Other People's Stories, Part 3 of ?: A New ID Card for Gina
This is sort of my story, too, because I was there, although it didn't really happen to me. It happened to Gina.
Gina and I went to college together. We got to know each other pretty quickly, because we were both from California, we were both English majors, and we were both going to college in Durango, Colorado. Her house in California was pretty close to my grandparents' house, so on school vacations, she would get a ride home with me, and we had two days on the road together to talk, each way. She gave me gas money. Gina didn't drive, herself. She'd never gotten around to getting a license.
Once, while at college in Colorado, Gina decided to get a Colorado ID card. She only had a California one. (For non-USA dwellers: in the US, we generally use a state driver's license as identification, but if you don't drive, you can get an ID card. It looks just like a driver's license, except that, at the top where it usually says, "Driver's License" it says, "ID Card".) I agreed to drive her downtown to get her ID.
I remember we were in the little office. Gina was at the counter talking with the DMV guy about her ID. I believe she said something like,
"I'd like to trade in my California ID for a Colorado ID."
I spaced out for a little while. The only other two people at the Durango DMV were talking about the Catch-22 of the motorcycle license: in order to ride a motorcycle, you had to have a license, but in order to learn to ride a motorcycle, you had to ride a motorcycle- and presumably that required a license. The two guys agreed you just had to ride it in low traffic areas without a license, until you could take the actual test for the license. Suddenly, I looked up and noticed that they were giving Gina an eye exam.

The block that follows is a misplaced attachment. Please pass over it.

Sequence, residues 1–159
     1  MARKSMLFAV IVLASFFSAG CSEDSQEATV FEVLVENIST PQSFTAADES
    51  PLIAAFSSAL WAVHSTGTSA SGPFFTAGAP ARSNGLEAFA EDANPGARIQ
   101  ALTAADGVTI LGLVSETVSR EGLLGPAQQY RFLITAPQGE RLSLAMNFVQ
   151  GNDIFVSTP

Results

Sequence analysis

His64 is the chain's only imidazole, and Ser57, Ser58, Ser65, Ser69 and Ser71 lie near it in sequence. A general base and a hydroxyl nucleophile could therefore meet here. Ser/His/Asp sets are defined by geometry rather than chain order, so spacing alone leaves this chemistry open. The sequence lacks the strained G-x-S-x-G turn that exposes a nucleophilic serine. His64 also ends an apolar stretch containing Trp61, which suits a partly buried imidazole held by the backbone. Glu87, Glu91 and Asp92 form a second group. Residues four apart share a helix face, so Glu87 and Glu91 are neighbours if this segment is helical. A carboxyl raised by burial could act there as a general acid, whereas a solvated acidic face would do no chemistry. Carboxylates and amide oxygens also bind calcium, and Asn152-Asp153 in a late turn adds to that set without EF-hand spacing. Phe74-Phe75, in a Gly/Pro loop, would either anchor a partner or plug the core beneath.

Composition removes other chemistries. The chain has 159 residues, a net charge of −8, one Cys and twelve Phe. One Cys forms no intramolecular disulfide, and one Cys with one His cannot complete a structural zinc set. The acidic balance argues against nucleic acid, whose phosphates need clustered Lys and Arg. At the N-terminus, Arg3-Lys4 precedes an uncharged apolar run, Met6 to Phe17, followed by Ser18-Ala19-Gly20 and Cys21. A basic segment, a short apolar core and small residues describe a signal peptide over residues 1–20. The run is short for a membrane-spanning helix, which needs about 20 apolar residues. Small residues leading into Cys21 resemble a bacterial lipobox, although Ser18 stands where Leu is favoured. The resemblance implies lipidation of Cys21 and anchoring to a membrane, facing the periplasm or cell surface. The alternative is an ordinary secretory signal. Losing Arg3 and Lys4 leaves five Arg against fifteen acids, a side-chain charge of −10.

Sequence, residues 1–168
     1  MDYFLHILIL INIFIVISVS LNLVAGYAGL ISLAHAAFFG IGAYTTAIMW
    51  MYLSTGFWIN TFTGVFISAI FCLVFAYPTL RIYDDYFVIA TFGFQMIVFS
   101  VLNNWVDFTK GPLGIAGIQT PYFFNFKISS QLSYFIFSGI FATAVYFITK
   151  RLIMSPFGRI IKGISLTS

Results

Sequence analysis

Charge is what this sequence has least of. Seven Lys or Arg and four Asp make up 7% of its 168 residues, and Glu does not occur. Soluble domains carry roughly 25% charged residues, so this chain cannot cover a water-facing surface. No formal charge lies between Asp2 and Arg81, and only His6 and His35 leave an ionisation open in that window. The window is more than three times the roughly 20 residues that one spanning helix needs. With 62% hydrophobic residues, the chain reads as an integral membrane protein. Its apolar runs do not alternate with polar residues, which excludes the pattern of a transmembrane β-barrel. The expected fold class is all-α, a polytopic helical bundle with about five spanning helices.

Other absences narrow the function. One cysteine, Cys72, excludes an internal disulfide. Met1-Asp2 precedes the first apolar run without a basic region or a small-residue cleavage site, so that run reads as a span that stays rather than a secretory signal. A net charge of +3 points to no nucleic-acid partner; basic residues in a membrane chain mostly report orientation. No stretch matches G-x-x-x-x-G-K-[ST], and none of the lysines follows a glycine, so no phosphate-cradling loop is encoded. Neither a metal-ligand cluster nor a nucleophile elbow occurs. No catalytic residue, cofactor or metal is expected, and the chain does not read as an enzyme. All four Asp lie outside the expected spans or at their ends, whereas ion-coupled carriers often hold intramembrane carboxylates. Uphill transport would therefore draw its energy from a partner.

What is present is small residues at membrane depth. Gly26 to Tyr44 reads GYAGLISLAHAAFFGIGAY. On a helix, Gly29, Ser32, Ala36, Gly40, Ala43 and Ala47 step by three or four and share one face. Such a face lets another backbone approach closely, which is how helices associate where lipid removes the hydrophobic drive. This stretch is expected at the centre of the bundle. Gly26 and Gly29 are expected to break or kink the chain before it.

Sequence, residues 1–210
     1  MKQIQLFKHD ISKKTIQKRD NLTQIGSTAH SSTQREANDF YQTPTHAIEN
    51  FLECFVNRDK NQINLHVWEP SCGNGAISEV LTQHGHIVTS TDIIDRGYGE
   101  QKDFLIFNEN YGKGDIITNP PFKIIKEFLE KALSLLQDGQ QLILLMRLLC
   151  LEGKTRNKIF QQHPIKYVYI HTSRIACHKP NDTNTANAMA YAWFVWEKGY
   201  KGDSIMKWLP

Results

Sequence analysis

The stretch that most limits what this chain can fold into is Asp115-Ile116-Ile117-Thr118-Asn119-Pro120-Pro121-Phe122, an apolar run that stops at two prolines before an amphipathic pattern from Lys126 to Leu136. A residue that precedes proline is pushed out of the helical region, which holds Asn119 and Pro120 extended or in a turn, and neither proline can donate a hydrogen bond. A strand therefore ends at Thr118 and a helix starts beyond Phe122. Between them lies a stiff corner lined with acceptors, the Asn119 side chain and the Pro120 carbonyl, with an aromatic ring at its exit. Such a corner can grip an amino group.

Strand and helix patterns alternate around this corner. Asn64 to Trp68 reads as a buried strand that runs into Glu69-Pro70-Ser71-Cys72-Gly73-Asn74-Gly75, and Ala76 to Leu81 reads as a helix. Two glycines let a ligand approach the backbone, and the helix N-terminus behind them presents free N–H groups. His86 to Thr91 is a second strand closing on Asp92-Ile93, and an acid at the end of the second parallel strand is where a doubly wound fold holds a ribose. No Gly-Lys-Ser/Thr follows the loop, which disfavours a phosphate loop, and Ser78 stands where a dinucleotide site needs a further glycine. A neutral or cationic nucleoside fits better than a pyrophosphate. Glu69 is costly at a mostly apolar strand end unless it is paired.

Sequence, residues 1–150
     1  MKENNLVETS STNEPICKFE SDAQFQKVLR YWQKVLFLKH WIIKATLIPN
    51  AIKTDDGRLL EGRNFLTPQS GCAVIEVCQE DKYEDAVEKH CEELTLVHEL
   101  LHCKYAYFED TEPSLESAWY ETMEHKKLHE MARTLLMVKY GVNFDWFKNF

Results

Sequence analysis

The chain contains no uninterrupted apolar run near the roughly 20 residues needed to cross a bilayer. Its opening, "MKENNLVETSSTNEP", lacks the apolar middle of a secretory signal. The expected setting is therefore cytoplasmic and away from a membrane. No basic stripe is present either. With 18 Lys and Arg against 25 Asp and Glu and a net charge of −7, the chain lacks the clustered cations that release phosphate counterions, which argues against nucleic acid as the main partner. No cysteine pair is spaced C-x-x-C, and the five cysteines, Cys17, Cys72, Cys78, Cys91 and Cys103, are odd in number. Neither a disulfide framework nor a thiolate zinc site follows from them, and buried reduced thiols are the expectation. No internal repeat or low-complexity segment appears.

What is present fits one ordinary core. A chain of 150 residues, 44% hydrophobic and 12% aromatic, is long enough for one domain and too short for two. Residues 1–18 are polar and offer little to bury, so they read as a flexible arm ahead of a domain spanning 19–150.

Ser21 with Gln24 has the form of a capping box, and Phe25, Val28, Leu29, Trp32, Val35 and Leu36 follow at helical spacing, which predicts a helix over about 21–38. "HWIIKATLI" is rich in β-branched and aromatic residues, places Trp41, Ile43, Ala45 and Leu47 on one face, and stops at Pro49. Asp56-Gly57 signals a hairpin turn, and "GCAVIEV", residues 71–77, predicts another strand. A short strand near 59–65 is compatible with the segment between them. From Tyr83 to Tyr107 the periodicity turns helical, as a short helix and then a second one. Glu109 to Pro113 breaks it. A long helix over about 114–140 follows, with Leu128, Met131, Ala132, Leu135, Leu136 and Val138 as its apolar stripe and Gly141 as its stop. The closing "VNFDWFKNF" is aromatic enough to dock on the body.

Eye exam? Since when do you have to see well to have an ID card?
Uncharacteristically, I had the good sense to say nothing. Gina finished the eye test, smiled for the picture, and came to sit by me for a minute while we waited for the card to be printed. Uncharacteristically, Gina also said nothing.
We walked out of there with a nice, shiny, new driver's license for Gina. She had never taken a driving test.
"I think they just gave me a driver's license! Oh, my god! This is a driver's license!"
We were both pretty satisfied with the day's events. Years later, she drives just like anyone else. I'm not positive, but I don't think she's ever had an accident- except for that time I was teaching her to drive and she let the VW roll back a little too far and tap the Volvo behind us, but I don't think that really counts.